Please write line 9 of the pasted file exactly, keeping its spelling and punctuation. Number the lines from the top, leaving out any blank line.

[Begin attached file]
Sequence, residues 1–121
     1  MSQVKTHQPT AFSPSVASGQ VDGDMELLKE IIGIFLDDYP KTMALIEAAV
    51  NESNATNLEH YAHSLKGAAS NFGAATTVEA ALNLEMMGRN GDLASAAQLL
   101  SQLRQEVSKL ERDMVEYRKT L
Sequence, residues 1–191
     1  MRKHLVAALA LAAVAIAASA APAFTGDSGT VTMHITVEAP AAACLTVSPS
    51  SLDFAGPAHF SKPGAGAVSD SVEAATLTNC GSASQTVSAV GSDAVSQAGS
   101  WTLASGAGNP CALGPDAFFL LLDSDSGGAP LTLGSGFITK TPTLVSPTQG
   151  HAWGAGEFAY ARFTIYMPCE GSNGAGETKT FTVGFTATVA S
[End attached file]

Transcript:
   151  HAWGAGEFAY ARFTIYMPCE GSNGAGETKT FTVGFTATVA S